Before the fictional Betty Crocker and the very real Julia Child, Gordon Ramsay, Paula Dean, Bobby Flay, and Rachel Ray, there was Ida Bailey Allen. Born today in 1885 in Danielson, Allen used training in domestic science, a tireless entrepreneurial spirit and a faultless instinct for the potential of mass-market communications to create the now ubiquitous cultural icon of “national celebrity chef.” She became, for millions of Americans, “the Nation’s Homemaker.”
In 1923, Allen created The National Radio Home-Maker’s Club, a popular two-hour national radio show on food and cooking,and served as its talent, producer and advertising director until 1943. Allen built a loyal following by encouraging listeners to send in recipes, awarding monthly prizes for the best submissions. As advertising director for the program, she pioneered the concept of radio spot advertising, interspersing individual product commercials throughout a broadcast rather than, as was common at the time, having a single brand sponsor the entire broadcast. Ever keen to marketing’s possibilities, Allen also wrote a popular book on entertaining ( “What To Do, and How”) in cooperation with the Coca-Cola company because, as she told her readers, “Coca-Cola is the great beverage of American hospitality.”
By the time television began to overtake radio as the public entertainment medium of choice Allen was there, too, and with her program Mrs. Allen and the Chef she became the first woman to host a TV food program.
Allen was not simply a media personality, though; she backed up her public efforts with solid culinary background and a genuine passion for convenient everyday food. She earnestly believed her contribution to culinary arts was as “a liaison between science and the kitchen.” As a chef and a public figure, Allen always worked to make cooking accessible for everyday audiences, using a combined emphasis on technique, know-how and frugality. Admittedly Allen’s work relied on old-fashioned gender roles – she did not contemplate women envisioning any sort of life beyond the home, and her encouragement of prim, subordinate homemaker roles for women (or the idea that good cooking could decrease the divorce rate) seems especially outdated (dare we say “in poor taste”) to modern readers.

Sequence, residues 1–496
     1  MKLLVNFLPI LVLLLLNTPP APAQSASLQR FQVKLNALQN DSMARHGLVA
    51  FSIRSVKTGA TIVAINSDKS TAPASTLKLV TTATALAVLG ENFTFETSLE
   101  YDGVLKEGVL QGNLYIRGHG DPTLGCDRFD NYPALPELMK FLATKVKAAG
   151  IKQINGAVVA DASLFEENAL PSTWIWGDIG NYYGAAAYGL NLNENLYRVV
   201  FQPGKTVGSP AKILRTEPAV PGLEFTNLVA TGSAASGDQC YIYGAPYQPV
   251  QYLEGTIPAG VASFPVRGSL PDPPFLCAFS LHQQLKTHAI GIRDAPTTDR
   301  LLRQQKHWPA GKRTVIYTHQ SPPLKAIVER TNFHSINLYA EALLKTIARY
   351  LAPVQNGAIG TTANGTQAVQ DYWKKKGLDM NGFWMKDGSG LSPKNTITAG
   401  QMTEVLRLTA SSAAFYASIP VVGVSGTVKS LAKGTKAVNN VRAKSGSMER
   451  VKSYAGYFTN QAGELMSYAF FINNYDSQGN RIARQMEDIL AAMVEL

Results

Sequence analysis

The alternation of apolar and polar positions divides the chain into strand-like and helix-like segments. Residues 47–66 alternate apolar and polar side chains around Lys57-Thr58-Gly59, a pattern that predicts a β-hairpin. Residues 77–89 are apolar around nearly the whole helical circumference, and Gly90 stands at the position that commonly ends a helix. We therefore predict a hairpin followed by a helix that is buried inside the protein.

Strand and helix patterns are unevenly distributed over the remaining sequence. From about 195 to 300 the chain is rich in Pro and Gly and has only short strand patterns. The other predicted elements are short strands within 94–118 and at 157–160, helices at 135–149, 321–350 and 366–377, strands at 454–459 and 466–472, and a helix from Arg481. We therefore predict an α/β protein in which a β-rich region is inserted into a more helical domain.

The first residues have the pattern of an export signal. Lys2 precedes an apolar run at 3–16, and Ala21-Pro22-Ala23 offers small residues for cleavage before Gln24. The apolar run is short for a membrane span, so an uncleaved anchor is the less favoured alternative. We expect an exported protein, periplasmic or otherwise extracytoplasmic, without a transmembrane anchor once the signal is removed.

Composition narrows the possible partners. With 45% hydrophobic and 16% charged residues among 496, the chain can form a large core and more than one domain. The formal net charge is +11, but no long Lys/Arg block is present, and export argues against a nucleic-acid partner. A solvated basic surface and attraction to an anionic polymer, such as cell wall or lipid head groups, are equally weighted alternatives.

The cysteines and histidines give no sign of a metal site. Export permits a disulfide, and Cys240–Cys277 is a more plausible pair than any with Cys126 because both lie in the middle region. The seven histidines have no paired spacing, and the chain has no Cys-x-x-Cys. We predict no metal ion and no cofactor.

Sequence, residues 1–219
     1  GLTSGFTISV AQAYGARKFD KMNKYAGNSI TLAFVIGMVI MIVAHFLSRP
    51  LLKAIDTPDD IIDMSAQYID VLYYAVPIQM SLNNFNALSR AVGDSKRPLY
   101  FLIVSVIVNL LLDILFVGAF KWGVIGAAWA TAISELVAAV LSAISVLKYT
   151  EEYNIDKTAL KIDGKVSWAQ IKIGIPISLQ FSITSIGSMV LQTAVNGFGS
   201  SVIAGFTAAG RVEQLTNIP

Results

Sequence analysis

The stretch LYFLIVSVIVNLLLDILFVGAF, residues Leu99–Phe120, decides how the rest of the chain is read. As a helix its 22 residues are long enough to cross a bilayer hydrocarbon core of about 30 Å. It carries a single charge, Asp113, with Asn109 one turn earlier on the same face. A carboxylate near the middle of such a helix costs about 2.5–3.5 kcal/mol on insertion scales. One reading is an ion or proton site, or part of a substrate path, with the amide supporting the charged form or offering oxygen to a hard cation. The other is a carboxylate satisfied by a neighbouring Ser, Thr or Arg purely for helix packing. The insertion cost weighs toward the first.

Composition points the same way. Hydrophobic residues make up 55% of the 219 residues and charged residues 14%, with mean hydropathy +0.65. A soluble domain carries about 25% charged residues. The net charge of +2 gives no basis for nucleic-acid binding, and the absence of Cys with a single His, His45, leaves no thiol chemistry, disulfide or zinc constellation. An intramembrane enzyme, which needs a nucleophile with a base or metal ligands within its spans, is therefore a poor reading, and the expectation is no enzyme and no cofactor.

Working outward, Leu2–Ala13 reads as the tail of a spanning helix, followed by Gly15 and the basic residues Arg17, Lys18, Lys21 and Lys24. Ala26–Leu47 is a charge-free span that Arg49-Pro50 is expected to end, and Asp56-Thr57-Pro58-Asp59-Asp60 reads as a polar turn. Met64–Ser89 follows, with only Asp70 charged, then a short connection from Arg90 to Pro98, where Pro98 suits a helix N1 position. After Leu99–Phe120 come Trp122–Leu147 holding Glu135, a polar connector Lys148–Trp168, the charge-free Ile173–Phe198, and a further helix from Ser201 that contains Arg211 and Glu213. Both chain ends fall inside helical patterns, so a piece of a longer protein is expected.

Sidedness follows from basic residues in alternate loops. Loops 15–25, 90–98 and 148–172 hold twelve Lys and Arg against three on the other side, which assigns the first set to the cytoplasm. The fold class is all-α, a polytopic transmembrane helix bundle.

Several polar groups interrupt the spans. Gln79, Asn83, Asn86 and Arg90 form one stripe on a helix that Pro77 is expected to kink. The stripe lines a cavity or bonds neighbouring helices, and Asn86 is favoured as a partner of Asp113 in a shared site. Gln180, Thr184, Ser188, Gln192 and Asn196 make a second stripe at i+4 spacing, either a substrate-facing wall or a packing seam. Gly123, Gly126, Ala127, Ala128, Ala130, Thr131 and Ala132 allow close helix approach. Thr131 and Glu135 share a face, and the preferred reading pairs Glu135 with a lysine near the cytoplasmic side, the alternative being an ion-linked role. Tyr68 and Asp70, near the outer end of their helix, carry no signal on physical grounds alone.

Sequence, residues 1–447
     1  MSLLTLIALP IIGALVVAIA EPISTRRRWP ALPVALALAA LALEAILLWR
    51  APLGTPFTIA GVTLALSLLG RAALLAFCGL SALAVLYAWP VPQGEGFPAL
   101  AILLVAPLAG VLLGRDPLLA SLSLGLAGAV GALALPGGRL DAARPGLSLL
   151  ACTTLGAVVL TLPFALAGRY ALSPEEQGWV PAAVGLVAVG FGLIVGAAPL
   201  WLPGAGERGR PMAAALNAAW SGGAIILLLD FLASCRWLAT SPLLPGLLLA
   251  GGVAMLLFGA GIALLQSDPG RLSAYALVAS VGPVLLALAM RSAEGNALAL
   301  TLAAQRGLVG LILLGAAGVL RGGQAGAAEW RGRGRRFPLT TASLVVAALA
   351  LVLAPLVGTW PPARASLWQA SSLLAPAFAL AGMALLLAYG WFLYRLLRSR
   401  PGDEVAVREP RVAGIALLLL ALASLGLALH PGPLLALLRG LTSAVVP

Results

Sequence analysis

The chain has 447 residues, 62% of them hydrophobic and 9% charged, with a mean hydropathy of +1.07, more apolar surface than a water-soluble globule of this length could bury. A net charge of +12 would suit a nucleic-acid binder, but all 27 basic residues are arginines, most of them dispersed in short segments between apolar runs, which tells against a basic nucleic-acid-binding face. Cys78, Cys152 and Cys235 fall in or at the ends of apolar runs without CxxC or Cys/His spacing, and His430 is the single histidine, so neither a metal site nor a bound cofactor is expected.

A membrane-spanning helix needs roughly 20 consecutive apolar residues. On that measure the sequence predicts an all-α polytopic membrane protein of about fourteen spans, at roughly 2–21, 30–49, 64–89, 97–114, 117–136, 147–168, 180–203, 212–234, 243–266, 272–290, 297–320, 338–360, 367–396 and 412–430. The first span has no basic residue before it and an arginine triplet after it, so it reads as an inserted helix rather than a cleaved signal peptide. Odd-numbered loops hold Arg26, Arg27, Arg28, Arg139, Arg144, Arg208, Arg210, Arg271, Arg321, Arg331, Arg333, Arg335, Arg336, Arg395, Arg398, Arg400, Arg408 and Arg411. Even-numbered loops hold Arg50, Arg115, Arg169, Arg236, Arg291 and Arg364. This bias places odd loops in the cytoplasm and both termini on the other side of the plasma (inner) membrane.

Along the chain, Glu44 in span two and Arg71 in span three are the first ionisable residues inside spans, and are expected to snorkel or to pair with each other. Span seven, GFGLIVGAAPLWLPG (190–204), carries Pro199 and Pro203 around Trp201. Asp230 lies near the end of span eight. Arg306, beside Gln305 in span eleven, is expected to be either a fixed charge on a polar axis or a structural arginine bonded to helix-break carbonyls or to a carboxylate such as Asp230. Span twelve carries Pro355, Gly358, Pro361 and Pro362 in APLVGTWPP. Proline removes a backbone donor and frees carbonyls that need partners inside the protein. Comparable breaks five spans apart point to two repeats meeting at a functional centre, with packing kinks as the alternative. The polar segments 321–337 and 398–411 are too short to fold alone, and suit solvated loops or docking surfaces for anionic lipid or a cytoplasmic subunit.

Over the years Allen wrote 55 books on food, entertaining and etiquette, though she once commented “I hesitate to keep writing more books because with each new one, I gain 15 pounds.” Overall, her works sold more than twenty-million copies. Allen served as food editor for a wide slate of familiar home magazines, from Family Circle and Parade to Good Housekeeping.
Allen’s emphasis on budget cooking served her well during the Great Depression and both World Wars, In addition to helping cooks manage the strictures of rationing and limited availability, she promoted a cheaper-than-butter margarine product called Nucoa, promoted the Works Progress Administration and put her cookbook focus on thrifty titles like Ida Bailey Allen’s Money-saving Cook Book: Eating for Victory and Mrs. Allen’s Book of Meat Substitutes.
Ida Bailey Allen died in Norwalk in 1973, having set the table for the generations of celebrity chefs who followed in her footsteps. She was still writing cookbooks.
“Video: Ida Bailey Allen Serves Tea,” Guest Etiquette
“Ida Bailey Allen Cooks On the Radio,” winnetoba